The devastating floods that we have seen in the last year also take their toll. And when drought comes again, as it surely will, that too will leave scars.
Climate change is a health crisis, and regional Australians are at the frontline of it all.
Because of these reasons, because of the glaring gap in health outcomes for regional Australians, and because climate change will present many new challenges – indeed challenges already (being seen) – I have made rural health a focus of my time as the member for Indi.
Because I take my role as an Independent member of Parliament very, very seriously I took to the election a comprehensive and fully costed suite of policies on rural health, mental health and aged care to the election. I don’t want to be a politician who only points out all the problems, I want to use my time in Parliament to work closely with my community, to develop together the solutions that we need, and to fight for the government to take action.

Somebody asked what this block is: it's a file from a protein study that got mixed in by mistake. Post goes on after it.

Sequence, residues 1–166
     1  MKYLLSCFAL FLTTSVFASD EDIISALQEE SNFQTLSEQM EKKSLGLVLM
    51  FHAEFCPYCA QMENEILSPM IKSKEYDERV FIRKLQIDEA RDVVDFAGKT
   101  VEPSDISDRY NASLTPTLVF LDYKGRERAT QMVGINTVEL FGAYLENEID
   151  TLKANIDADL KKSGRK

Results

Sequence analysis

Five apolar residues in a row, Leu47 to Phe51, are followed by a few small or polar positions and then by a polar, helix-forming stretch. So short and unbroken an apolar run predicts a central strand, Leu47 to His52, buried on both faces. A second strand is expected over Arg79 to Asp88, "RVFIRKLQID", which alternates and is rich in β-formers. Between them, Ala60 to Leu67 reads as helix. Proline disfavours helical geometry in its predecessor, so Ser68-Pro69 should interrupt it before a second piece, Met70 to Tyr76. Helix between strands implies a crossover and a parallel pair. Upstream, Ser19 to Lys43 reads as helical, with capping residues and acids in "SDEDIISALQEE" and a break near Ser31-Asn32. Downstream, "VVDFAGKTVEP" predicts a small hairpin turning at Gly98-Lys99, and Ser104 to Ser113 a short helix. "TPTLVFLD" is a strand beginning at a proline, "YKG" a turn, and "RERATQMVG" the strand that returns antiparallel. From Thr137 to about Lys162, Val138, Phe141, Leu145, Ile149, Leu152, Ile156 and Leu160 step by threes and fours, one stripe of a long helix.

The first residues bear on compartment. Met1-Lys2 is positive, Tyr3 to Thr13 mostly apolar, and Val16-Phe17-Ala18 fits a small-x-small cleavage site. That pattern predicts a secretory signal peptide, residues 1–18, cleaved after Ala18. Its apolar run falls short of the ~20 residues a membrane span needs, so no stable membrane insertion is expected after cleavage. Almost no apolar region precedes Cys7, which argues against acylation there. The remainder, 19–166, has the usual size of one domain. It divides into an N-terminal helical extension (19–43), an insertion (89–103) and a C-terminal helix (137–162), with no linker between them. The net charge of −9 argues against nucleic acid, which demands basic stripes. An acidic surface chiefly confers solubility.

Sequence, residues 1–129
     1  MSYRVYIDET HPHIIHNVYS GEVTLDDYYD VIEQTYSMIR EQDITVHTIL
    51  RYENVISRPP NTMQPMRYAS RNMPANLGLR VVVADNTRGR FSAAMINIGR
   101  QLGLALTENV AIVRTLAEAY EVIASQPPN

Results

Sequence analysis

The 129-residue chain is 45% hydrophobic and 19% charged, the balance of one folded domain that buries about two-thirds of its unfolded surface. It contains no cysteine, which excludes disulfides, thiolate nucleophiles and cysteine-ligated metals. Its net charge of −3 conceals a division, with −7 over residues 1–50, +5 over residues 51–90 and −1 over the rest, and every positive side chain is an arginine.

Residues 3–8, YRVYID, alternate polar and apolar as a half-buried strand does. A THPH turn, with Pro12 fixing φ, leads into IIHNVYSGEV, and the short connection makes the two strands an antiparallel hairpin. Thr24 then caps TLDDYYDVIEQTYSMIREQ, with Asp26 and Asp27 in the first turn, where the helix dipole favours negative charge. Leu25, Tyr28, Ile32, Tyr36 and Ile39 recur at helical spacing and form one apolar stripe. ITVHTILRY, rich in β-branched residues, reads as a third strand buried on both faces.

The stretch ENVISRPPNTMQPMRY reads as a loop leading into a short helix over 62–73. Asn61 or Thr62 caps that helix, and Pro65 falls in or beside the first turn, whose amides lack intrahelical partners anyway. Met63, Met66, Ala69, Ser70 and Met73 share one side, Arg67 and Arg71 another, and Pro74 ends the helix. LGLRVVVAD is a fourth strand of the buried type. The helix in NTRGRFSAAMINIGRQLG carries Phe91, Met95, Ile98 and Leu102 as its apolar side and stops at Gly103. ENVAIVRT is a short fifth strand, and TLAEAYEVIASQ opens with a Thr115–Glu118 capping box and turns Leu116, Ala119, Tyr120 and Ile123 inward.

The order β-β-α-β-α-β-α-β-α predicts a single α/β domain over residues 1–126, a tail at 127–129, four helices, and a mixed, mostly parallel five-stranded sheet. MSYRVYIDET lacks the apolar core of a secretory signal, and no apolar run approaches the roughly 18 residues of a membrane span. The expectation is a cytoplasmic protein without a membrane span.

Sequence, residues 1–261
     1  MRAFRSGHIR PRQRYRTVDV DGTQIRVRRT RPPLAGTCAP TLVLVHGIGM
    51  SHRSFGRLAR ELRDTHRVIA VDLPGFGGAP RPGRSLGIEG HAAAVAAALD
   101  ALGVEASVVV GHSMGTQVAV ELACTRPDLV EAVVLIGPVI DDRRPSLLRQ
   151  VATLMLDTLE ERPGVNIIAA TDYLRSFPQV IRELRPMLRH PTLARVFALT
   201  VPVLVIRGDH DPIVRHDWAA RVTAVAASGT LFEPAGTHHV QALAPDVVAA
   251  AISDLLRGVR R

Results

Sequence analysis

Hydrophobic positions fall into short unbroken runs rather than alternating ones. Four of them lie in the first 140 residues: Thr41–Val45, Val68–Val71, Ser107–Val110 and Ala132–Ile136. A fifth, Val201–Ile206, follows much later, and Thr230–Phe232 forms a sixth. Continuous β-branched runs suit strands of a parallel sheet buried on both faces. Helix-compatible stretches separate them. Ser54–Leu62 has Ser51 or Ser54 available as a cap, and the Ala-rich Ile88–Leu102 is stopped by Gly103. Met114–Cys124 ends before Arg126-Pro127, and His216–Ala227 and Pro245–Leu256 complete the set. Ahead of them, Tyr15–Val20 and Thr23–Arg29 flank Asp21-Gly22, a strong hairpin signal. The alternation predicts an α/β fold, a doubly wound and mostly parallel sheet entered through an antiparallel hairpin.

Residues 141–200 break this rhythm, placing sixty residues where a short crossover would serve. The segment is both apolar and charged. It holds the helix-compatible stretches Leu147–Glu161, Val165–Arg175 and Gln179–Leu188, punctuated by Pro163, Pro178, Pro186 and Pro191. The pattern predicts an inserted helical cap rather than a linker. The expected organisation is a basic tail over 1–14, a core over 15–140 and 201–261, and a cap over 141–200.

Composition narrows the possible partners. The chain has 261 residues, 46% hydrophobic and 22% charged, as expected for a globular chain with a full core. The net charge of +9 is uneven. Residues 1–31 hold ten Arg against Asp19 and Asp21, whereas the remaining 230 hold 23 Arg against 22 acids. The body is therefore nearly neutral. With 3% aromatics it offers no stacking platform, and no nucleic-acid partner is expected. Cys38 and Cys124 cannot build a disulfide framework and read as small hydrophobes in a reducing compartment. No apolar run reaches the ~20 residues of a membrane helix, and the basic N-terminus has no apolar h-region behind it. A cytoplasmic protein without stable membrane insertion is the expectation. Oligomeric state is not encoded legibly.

The priorities that my community put to me are these. First, they say, we need to fund rural hospitals. The fundamental infrastructure in rural health services is lagging behind the needs of the community. Many of our health services are ageing and no longer fit for purpose and there’s little transparency in how government decides to fund infrastructure in health care.
Albury-Wodonga is one of the many communities in desperate need of a new hospital. Albury-Wodonga Health runs one of the busiest regional health services in the state of Victoria. It’s the only cross-border health service in the nation. In 15 years the population in this cross-border community will grow by one-third.